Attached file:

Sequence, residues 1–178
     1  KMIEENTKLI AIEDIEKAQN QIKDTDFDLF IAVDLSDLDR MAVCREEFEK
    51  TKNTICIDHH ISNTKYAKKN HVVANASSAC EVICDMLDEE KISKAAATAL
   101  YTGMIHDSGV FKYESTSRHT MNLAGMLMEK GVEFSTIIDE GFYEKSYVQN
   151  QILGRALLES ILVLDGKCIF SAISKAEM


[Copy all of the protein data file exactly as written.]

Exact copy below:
Sequence, residues 1–178
     1  KMIEENTKLI AIEDIEKAQN QIKDTDFDLF IAVDLSDLDR MAVCREEFEK
    51  TKNTICIDHH ISNTKYAKKN HVVANASSAC EVICDMLDEE KISKAAATAL
   101  YTGMIHDSGV FKYESTSRHT MNLAGMLMEK GVEFSTIIDE GFYEKSYVQN
   151  QILGRALLES ILVLDGKCIF SAISKAEM